under any reasonable conditions—but can I be sure? With another father, with other goals set for me, what might I have become?
Jews, generally (according to the stereotype), value learning and encourage their children to enter the intellectual professions.How true that stereotype is, or how general it is, I do not know. Certainly I have met many Jews who are neither as intelligent or as learned as many Gentiles I have met.
But the special case of my father is beyond doubt. Perhaps because he had himself passed from a state of being educated and learned to a state of being virtually illiterate, he valued education and learning all the more. He could not regain what he had once had, but he was determined that I was to have it.
He would not let me read the magazines he sold to others, because he felt they would muddy my thinking—but he let me read science-fiction magazines, because he respected the word "science" and felt they would lure me into becoming a scientist—and he was right.
He had no money to buy me the things I wanted, and I knew that, and I rarely asked him for anything—but, when I was overwhelmed with desire for something that spelled "learning," he managed to find a way to let me have it.When I was eleven, he bought me a copy of the World Almanac for my birthday, when that was what I wanted.I might have cried myself sick for a baseball but I wouldn't have gotten it.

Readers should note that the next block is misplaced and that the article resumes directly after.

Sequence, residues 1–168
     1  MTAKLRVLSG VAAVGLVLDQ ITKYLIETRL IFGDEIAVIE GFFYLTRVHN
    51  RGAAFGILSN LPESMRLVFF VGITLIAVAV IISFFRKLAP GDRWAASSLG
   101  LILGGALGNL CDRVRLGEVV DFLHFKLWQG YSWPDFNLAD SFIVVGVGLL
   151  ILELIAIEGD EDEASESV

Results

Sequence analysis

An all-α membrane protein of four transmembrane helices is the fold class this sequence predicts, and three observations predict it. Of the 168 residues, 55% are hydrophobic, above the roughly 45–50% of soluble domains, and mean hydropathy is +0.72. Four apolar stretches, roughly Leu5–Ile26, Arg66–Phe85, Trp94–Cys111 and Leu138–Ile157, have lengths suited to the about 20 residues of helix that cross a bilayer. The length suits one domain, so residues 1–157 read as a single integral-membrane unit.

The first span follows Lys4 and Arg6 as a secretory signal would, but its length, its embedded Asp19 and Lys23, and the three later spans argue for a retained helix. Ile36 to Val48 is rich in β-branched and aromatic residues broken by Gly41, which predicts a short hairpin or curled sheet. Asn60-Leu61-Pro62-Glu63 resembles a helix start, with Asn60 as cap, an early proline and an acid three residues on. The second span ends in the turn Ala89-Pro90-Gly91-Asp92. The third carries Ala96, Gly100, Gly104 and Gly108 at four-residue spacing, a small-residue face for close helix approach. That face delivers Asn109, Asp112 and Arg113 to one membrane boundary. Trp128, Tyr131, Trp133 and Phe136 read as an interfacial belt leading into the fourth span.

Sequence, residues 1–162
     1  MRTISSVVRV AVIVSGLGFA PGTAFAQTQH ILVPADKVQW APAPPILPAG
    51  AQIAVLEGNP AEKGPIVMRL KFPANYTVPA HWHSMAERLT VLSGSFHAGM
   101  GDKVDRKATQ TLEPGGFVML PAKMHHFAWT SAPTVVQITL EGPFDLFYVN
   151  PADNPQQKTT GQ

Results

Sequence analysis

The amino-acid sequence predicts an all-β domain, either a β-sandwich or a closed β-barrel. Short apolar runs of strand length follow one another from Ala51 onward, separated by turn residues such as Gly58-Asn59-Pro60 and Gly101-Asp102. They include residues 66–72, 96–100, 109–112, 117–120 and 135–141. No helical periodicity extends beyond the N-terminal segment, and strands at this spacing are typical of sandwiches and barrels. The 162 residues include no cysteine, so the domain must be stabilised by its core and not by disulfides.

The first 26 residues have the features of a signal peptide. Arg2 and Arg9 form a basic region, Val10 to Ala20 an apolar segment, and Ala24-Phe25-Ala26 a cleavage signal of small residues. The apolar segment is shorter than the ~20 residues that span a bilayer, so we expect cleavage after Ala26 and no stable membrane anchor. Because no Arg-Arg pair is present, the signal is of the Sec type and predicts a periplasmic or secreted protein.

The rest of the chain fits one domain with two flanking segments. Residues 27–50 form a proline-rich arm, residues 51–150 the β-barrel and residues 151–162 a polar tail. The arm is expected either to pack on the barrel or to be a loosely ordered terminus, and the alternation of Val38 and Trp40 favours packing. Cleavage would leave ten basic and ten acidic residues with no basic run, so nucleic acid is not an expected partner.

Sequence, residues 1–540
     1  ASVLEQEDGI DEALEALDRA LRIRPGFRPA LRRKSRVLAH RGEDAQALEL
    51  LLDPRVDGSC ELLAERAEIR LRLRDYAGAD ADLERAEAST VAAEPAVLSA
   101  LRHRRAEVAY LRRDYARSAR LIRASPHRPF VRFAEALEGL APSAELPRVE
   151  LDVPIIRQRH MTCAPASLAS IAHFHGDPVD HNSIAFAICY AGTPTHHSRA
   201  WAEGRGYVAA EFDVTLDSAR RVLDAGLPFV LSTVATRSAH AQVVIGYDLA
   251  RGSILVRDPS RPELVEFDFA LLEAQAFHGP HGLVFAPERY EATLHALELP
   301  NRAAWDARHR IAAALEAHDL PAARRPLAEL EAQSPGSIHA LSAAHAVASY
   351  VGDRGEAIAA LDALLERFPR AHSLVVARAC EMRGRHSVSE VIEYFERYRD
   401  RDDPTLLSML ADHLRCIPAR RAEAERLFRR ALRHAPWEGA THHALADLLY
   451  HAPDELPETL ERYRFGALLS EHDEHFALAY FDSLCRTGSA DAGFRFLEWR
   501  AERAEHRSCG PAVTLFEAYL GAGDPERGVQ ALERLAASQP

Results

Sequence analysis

When I was fifteen, he managed to scrape together the funds to buy me a used typewriter when I wanted it. If I had wanted a bicycle, I might as well have asked for the moon.—And as soon as I submitted a story to a magazine, when I was eighteen, and before I had actually sold one, my father, on his own initiative, managed to find the money to buy me a new typewriter. That was an act of faith that staggered me.
Long afterward, when I was turning out book after book in steady progression, and giving a copy of each to my father as a matter of course, he looked through one of my more difficult science popularizations and finally managed to ask me something that must have long puzzled him.
"Isaac," he said, hesitantly, "where did you learn all this?"
"From you, Pappa," I said.
"From me?" he said. "I don't know one word about these things."
"Pappa," I said, "you taught me to value learning.That's all that counts. All these things are just details."